18. 18Division of Cardiology, Hamilton General Hospital, Hamilton, Ontario, Canada
  1. Correspondence to Dr Shamir R Mehta, Division of Cardiology, Hamilton General Hospital, Hamilton, Ontario ON L8L 2X2, Canada; smehta{at}mcmaster.ca

Abstract

Objective Approximately 10% of patients with myocardial infarction (MI) have no obstructive coronary artery disease. The prognosis and role of intensified antiplatelet therapy in those patients were evaluated.

Methods We analysed data from the Clopidogrel and Aspirin Optimal Dose Usage to Reduce Recurrent Events–Seventh Organisation to Assess Strategies in Ischaemic Symptoms trial randomising patients with ACS referred for early intervention to receive either double-dose (600 mg, day 1; 150 mg, days 2–7; then 75 mg/day) or standard-dose (300 mg, day 1; then 75 mg/day) clopidogrel. Outcomes in patients with myocardial infarction with non-obstructive coronary arteries (MINOCA) versus those with obstructive coronary artery disease (CAD) and their relation to standard-dose versus double-dose clopidogrel were evaluated. The primary outcome was cardiovascular (CV) death, MI or stroke at 30 days.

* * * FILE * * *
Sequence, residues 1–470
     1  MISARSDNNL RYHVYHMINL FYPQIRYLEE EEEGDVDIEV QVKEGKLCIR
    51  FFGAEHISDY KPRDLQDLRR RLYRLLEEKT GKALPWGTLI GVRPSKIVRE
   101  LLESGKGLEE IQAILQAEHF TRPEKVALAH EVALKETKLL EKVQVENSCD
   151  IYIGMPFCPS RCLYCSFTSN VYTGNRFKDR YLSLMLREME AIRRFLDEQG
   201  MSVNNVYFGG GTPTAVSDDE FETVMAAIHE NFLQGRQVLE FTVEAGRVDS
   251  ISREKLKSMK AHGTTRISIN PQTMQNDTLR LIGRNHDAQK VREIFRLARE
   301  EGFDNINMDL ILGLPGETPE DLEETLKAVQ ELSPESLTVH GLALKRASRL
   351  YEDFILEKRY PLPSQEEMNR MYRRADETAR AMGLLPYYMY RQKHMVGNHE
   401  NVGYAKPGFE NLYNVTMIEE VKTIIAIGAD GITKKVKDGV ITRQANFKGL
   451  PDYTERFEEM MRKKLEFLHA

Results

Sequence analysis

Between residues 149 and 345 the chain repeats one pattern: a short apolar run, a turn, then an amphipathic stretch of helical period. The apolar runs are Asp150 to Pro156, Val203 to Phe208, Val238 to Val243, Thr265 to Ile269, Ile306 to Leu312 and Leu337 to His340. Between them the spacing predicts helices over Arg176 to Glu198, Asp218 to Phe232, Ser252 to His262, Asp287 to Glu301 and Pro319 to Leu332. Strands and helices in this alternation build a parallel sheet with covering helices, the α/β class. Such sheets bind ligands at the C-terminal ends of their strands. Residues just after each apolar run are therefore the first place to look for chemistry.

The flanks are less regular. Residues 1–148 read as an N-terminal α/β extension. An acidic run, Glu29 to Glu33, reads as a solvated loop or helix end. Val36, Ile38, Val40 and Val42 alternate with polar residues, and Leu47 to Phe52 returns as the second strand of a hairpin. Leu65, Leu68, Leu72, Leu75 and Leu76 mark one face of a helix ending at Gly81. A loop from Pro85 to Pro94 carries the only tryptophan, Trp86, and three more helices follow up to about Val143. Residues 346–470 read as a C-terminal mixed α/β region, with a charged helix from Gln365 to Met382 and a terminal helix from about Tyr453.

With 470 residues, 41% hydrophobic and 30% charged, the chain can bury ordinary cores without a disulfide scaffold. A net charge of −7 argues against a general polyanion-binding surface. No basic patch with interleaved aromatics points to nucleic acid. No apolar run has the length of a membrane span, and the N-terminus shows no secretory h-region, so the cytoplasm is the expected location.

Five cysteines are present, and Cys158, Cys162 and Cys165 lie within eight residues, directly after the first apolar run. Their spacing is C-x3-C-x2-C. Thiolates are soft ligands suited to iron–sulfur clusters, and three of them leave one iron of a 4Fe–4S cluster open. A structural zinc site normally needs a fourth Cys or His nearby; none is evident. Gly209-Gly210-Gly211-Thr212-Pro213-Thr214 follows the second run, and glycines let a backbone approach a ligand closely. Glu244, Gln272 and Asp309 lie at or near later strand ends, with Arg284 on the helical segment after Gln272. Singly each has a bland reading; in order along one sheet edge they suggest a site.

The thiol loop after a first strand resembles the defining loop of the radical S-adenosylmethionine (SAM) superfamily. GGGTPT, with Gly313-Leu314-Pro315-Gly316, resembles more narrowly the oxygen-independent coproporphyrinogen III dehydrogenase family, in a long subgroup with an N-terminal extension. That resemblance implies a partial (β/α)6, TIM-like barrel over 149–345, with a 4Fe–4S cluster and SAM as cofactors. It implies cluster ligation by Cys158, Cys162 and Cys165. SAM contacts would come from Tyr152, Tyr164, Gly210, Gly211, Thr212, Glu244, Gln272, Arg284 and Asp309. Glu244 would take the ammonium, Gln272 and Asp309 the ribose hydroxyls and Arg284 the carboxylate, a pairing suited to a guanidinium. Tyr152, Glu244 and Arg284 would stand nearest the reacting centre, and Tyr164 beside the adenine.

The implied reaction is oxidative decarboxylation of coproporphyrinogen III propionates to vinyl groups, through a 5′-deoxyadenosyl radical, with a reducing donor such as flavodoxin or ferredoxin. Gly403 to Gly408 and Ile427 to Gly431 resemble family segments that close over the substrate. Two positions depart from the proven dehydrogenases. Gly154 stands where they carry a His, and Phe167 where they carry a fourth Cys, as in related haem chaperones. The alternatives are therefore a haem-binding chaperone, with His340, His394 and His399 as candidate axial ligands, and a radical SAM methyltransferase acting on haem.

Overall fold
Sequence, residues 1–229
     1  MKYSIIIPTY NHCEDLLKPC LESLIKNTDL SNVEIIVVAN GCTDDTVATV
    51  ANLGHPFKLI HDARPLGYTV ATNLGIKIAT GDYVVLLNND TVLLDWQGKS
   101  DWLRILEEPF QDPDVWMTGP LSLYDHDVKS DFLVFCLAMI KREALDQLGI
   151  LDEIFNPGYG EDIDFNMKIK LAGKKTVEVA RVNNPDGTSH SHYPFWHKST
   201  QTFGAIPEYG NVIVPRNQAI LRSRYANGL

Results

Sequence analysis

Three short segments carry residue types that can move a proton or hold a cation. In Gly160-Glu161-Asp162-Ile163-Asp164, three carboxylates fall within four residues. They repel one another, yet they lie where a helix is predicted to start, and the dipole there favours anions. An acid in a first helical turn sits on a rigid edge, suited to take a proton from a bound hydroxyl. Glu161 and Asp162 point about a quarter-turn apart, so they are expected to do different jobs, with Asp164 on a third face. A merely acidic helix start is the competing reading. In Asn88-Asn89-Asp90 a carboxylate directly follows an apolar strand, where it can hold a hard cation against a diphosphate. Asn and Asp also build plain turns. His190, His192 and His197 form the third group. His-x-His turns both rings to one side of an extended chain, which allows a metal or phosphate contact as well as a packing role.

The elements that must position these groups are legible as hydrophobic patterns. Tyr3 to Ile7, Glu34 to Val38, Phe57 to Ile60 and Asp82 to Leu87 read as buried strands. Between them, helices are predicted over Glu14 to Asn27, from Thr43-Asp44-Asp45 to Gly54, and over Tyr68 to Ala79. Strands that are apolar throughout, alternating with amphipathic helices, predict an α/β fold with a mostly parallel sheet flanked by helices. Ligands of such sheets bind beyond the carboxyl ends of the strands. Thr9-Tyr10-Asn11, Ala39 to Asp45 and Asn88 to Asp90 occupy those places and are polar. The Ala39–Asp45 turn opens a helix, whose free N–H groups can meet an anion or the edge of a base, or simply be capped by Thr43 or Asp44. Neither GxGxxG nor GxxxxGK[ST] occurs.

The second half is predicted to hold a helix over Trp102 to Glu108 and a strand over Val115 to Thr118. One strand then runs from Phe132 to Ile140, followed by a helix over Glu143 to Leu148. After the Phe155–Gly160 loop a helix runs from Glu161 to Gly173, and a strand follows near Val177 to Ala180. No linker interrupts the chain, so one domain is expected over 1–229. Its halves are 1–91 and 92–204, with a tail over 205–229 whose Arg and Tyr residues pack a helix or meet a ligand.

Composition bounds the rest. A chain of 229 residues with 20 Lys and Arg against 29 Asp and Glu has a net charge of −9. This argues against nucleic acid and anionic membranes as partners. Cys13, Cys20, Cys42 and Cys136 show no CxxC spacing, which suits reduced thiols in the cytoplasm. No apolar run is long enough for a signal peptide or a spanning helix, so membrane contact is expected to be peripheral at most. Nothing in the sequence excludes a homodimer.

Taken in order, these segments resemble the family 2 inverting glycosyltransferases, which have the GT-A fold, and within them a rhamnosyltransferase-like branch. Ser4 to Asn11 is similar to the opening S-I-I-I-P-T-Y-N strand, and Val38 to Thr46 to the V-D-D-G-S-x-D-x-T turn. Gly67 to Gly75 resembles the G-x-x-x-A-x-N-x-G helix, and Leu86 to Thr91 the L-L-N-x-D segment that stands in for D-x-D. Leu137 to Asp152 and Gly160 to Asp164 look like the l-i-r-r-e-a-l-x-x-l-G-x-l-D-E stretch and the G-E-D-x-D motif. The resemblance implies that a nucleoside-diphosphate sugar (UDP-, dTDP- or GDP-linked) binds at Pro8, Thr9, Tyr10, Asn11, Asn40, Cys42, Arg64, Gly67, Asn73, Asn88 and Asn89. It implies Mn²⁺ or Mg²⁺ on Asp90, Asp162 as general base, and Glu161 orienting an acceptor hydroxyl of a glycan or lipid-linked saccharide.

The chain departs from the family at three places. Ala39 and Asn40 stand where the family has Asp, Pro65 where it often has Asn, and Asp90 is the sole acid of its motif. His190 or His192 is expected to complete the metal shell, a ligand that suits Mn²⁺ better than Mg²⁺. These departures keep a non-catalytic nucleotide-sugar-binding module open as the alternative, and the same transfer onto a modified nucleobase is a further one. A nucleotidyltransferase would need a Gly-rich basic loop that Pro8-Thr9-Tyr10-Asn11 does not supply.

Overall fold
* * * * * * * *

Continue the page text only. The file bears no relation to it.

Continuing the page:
Results We included 23 783 patients with MI and 1599 (6.7%) with MINOCA. Patients with MINOCA were younger, presented more frequently with non-ST-segment elevation MI and had fewer comorbidities. All-cause mortality (0.6% vs 2.3%, p=0.005), CV mortality (0.6% vs 2.2%, p=0.006), repeat MI (0.5% vs 2.3%, p=0.001) and major bleeding (0.6% vs 2.4%, p<0.0001) were lower among patients with MINOCA than among those with obstructive CAD. Among patients with MINOCA, 2.1% of patients in the double-dose clopidogrel group and 0.6% in the standard-dose group experienced a primary outcome (HR 3.57, 95% CI 1.31 to 9.76), whereas in those with obstructive CAD, rates were 4.3% and 4.7%, respectively (HR 0.91, 95% CI 0.80 to 1.03; p value for interaction=0.011).